Would it Work? Past TV shows brought to present
Either way, the television Gods are at it again. This time it's with the 1998-critically-acclaimed-hit "Cupid." You know, the show that was here and gone faster than one of Jeremy Piven's fake arrows of love in flight? Well, this time the role is being reprised by Bobby Cannavale and yet, it still begs a question from our "Knight Rider" past. Was it really that good to begin with? Can it really survive another round with different characters, but the same general plot? "Cupid" premiered Tuesday to a less-than-enthused audience and an even more harsh line of critics. But it got us thinking, could any other shows from TV's past have made a better comeback?
Cue this month's new segment on Channel Surfing: "Would it Work?" -- the blog post where we, your beloved Channel Surfers, examine shows in TV history (both good and bad) and give our take on whether or not it would work with today's viewing audience. Because let's be honest, as the TV line-up continues this depressing downward spiral -- and while casting news for "Melrose Place 2.0" starring Ashlee Simpson continues to trickle in -- it's only a matter of time that network executives go through their trash and start recycling.
When it aired: 1987-1995
Would it work today?: Possibly
Why it could: The basic premise of “Full House” still has some potential. I mean, let’s face it, there’s bupkis on TV these days for families … unless you count anything on the Disney Channel – which I do not. The story of “Full House” could work with today’s TV audience — the single dad trying to raise three young girls to the best of his neat-freak ability, all the while providing shelter for a mooch best friend and poor, loser brother-in-law. The thing is, the plots would all need to change. Viewers would not be amused with a storyline where the biggest event is that Joey and Uncle Jesse have to attempt to change a dirty diaper.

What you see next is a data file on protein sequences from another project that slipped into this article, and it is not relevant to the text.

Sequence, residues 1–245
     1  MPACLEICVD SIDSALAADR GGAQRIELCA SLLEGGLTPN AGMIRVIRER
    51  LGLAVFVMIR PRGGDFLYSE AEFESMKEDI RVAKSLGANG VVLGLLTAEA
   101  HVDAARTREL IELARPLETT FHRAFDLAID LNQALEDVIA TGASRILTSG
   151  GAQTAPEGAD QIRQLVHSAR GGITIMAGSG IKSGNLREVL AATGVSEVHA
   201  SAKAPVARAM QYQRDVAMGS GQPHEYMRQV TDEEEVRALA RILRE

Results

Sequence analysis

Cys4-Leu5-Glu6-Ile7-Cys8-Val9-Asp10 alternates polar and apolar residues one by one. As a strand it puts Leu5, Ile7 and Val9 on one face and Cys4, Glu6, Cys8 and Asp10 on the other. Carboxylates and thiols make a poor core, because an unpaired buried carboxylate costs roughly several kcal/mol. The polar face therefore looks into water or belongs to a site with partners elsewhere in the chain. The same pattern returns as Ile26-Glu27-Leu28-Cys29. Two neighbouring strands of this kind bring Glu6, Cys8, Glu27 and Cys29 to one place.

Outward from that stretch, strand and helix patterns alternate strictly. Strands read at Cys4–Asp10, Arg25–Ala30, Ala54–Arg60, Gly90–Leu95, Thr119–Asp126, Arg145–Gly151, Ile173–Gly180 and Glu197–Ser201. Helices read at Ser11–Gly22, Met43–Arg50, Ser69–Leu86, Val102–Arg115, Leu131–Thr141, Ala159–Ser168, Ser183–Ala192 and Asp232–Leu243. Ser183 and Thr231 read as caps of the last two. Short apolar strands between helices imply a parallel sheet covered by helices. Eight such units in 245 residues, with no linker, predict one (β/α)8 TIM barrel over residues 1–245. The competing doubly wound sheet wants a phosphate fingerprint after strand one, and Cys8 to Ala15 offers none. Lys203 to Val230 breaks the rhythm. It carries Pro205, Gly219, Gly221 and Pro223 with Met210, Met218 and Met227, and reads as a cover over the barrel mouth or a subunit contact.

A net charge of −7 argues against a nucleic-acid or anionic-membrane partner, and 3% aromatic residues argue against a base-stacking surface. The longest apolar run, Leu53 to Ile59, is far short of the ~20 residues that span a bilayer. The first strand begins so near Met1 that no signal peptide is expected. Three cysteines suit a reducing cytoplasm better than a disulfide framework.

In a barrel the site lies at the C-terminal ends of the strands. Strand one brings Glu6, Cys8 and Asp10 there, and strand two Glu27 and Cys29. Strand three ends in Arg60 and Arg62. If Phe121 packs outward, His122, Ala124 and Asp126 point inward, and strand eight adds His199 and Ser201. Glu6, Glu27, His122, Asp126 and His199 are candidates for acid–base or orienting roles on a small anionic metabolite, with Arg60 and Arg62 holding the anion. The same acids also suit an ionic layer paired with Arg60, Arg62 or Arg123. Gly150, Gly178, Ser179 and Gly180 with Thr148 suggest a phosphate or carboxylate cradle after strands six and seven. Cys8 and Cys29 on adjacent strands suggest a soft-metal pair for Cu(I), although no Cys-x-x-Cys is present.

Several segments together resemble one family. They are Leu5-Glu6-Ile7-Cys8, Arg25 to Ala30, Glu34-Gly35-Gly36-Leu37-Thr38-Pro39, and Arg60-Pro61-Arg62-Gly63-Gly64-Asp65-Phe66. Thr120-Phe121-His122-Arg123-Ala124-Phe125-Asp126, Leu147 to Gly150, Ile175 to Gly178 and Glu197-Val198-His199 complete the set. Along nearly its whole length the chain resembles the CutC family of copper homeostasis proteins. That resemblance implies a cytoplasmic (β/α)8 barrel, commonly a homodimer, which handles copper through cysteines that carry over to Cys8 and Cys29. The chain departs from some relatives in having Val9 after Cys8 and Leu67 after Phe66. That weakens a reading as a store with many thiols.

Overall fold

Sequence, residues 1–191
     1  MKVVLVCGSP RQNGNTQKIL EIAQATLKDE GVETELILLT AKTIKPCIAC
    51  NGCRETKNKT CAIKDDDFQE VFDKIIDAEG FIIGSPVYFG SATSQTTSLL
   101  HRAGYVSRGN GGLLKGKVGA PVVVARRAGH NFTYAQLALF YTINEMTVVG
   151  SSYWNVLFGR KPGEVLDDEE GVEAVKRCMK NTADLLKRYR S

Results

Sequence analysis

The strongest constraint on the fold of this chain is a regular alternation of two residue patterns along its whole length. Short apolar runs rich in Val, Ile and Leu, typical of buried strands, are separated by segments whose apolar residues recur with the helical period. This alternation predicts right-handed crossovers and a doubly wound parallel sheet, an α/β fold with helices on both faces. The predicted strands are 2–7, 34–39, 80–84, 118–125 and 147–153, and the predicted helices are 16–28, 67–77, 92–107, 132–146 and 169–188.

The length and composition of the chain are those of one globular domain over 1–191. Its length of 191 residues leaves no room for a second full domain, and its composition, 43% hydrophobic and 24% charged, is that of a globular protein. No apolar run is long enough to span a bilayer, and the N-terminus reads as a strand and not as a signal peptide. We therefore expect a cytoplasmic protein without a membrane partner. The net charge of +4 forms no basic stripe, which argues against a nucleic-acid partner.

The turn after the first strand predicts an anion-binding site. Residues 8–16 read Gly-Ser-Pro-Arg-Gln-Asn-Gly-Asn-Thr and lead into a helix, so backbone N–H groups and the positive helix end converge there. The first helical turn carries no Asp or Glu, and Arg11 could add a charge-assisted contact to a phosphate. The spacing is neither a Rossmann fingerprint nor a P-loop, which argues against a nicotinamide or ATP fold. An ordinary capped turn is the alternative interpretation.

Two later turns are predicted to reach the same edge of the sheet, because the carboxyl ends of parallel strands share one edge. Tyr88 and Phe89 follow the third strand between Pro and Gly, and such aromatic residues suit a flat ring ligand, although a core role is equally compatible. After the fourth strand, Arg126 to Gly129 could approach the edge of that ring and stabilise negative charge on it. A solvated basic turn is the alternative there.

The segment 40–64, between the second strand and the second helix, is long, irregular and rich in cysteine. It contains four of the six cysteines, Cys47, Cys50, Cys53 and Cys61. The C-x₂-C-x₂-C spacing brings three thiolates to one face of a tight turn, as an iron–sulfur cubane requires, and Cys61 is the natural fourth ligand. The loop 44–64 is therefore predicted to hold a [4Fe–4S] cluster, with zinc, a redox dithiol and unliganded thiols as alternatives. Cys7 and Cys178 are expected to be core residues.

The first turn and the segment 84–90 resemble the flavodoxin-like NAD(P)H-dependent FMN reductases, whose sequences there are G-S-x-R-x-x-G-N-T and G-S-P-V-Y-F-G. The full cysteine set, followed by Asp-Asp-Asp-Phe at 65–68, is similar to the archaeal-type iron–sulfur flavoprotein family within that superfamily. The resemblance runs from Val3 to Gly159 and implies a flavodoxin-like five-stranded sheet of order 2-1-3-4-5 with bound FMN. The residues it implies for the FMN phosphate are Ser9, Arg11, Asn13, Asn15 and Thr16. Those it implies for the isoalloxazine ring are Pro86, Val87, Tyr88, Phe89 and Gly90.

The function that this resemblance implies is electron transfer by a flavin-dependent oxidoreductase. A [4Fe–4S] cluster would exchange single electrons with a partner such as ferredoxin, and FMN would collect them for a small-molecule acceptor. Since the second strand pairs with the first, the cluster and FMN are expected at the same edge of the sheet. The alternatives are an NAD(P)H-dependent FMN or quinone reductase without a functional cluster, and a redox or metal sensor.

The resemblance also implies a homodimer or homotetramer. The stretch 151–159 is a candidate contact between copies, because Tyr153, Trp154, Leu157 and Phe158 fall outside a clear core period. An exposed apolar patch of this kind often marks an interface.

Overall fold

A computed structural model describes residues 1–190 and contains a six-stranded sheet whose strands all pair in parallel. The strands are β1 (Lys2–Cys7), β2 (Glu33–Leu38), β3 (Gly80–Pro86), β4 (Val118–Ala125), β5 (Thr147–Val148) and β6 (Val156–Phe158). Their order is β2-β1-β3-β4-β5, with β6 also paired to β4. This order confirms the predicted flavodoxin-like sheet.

But it could work if it was brought into present time and perhaps, used the actors’ real lives as actual plotlines. For example, say Danny Tanner was more like the foul-mouthed stand-up comedian Bob Saget: dirty, disgusting and always talking about hookers. Say Jodie Sweetin played Stephanie Tanner as her real-life meth addict self. Or perhaps little Michelle Tanner develops an eating disorder and winds up hanging out with an actor before his tragic, all-too-soon death. The list goes on and on. Catchphrases like “How rude!” and “Cut … it … out,” would be replaced with “One more hit” and “Seriously, I’m not anorexic.” All you need is a teenage pregnancy and to downplay Candace Cameron’s evangelism. Now, there’s a family sitcom.
-- Sara Boyd
"Step by Step"
When it aired: 1991-97
Would it work today?: No
Why it wouldn't: The concept of a family that’s victim to divorce and remarriage, that totally still works today. But the concept that these forced-to-be-Brady-Bunch families would actually get along and be one happy family? Wrong. Sure, Dana and J.T. were quite the feuding step-siblings at first, but you always knew there was that deep-down brotherly-sisterly love going on. The show’s premise — a widowed woman with three kids and a divorced man with three kids, fall in love on vacation alone in Jamaica, get married and then join families back in Port Washington, Wisconsin (woop! woop!) — is a little far-fetched, to say the least. But to put this show on the air with today’s viewership, there’s no way it could work.